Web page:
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Psoriasis

This information was published by Bupa's health information team and is based on reputable sources of medical evidence. It has been peer reviewed by Bupa doctors. The content is intended for general information only and does not replace the need for personal advice from a qualified health professional.   

Psoriasis is a common skin condition that causes raised patches of inflamed skin. It varies in severity from person to person and can come and go over time. You can’t catch psoriasis or pass it on to other people.

 

Your skin is made up of several layers, the top one of which constantly sheds old cells and replaces them with new ones from underneath. This happens in a cycle that usually takes about 28 days. If you have psoriasis, the rate at which your skin is replaced in the affected area increases and the cycle can be as short as two to six days. New skin cells move to the surface before they have properly matured and build up on your skin in thick patches called plaques. There is also a build-up of a type of blood cell (called T-cells) under your skin, which causes inflammation.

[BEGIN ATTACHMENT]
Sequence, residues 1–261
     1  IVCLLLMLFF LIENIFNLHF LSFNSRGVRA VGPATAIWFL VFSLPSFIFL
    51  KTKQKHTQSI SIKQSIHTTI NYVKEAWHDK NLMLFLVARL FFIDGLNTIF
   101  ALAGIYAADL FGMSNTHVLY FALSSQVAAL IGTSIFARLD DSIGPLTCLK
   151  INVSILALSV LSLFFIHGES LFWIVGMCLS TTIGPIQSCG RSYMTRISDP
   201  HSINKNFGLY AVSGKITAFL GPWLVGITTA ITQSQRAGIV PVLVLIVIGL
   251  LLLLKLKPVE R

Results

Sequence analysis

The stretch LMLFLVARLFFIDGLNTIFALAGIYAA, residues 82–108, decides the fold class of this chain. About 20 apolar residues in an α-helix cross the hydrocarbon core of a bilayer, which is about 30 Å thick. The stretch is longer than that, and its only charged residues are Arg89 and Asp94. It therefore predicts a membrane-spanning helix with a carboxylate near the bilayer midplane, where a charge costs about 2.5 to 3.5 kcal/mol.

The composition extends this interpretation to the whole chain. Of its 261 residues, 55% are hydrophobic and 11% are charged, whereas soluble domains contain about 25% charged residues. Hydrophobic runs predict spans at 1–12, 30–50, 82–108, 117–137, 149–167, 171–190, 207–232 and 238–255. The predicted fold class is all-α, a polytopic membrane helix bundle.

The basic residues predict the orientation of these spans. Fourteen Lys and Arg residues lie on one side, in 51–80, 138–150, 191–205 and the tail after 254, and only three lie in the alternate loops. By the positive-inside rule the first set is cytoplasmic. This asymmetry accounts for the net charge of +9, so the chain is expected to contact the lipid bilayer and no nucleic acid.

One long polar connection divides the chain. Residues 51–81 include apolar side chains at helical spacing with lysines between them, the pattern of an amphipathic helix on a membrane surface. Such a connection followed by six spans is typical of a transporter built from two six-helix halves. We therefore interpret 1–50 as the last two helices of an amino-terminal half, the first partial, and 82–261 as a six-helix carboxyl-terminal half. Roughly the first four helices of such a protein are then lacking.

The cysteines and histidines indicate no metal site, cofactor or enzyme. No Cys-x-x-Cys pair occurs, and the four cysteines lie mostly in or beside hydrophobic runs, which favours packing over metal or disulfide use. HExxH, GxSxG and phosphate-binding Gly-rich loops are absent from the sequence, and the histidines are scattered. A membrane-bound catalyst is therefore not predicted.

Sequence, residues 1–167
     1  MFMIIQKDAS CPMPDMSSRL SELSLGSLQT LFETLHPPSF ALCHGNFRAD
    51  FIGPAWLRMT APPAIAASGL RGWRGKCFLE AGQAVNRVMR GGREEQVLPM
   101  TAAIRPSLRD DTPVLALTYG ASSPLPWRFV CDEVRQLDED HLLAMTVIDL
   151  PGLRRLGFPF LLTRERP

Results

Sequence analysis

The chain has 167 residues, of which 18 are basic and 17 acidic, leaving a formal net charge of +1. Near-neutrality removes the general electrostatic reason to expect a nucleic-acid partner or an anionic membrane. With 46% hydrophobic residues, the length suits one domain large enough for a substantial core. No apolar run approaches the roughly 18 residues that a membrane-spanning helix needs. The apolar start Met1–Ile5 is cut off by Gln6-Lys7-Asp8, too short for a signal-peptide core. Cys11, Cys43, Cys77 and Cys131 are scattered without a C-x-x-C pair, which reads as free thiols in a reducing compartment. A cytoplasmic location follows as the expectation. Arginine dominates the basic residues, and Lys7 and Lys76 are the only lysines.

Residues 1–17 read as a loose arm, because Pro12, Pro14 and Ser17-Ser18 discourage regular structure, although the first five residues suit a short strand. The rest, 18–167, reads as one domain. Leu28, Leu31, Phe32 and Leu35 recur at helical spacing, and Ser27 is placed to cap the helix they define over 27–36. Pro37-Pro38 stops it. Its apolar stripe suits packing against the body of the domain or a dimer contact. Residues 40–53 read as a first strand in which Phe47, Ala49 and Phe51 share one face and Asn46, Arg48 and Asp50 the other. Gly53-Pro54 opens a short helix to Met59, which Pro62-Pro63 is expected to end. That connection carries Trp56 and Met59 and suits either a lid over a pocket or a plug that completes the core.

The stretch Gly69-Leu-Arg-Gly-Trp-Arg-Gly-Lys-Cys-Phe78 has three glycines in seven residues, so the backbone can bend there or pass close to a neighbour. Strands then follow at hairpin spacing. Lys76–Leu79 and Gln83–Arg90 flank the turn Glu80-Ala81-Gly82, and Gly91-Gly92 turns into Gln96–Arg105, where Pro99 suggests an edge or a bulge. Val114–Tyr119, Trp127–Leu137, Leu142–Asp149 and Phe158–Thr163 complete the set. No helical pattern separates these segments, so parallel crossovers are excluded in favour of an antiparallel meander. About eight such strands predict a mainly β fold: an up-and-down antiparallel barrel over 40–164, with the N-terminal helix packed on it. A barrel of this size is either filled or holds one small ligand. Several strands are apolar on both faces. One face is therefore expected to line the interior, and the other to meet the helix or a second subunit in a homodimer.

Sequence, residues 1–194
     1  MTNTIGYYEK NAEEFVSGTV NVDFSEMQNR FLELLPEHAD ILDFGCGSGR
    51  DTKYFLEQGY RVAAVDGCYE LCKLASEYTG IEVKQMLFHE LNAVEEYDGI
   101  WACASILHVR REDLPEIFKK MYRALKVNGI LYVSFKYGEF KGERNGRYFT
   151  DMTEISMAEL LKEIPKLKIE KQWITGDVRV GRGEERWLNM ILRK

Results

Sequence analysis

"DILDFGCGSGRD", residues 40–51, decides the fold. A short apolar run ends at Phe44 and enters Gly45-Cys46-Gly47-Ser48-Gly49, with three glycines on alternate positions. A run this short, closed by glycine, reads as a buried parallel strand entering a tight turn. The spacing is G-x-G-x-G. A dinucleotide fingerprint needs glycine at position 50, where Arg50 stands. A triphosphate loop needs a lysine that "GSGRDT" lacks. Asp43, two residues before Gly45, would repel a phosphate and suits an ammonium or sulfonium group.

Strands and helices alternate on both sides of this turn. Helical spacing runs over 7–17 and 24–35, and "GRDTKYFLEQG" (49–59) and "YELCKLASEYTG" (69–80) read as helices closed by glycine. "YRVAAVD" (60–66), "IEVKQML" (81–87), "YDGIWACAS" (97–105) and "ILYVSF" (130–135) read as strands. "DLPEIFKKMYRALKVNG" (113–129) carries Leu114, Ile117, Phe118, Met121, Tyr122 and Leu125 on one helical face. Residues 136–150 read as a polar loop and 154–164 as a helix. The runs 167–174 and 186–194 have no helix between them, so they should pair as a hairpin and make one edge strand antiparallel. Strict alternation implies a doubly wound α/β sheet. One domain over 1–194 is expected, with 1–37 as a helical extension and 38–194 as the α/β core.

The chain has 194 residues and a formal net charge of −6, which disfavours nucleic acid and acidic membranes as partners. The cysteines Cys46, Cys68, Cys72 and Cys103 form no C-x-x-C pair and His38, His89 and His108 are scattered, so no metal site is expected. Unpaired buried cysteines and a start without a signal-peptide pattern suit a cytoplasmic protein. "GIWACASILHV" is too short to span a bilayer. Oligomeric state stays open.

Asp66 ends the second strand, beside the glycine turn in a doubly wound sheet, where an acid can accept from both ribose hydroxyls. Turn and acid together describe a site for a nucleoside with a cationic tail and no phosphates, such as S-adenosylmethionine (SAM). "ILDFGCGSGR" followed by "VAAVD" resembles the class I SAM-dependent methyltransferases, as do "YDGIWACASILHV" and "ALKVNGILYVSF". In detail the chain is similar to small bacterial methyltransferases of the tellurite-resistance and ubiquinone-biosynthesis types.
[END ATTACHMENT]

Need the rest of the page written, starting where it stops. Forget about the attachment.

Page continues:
Psoriasis affects about two in 100 people. It can begin at any age, but commonly develops either in early adult life between the ages of 15 and 30 or later between 50 and 60. It affects similar numbers of men and women.

Psoriasis is a life-long condition and it’s unlikely that you will ever be completely free of it. However, it tends to fluctuate in severity over time, often for no apparent reason. This means that you may have flare-ups when the symptoms are more severe, but at other times the condition may hardly be noticeable.

Psoriasis isn't contagious, so you can't catch it from other people and it doesn't spread from one part of your body to another.